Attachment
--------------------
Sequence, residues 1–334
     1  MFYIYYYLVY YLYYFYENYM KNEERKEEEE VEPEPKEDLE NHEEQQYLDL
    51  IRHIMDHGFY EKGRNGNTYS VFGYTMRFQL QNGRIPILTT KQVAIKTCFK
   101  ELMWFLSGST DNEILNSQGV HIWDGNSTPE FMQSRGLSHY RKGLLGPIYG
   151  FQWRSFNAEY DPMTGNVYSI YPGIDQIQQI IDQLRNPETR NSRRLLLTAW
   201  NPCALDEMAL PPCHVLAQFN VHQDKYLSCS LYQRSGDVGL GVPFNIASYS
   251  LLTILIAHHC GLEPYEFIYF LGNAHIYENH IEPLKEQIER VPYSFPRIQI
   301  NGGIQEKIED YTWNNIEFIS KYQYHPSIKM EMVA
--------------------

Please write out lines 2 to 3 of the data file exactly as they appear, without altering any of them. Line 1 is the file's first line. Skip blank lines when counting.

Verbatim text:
     1  MFYIYYYLVY YLYYFYENYM KNEERKEEEE VEPEPKEDLE NHEEQQYLDL
    51  IRHIMDHGFY EKGRNGNTYS VFGYTMRFQL QNGRIPILTT KQVAIKTCFK